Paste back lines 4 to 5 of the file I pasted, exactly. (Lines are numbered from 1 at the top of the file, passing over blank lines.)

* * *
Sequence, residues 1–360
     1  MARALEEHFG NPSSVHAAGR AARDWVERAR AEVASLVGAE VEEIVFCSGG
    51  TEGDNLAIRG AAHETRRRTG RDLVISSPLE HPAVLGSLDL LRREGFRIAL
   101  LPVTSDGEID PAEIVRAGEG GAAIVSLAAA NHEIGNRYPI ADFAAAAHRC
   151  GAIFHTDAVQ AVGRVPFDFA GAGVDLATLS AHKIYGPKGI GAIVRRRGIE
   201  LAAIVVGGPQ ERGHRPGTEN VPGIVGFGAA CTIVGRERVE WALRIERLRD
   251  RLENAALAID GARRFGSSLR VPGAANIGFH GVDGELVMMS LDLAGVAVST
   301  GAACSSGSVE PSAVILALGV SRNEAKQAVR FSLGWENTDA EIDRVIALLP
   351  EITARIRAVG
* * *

   101  LPVTSDGEID PAEIVRAGEG GAAIVSLAAA NHEIGNRYPI ADFAAAAHRC
   151  GAIFHTDAVQ AVGRVPFDFA GAGVDLATLS AHKIYGPKGI GAIVRRRGIE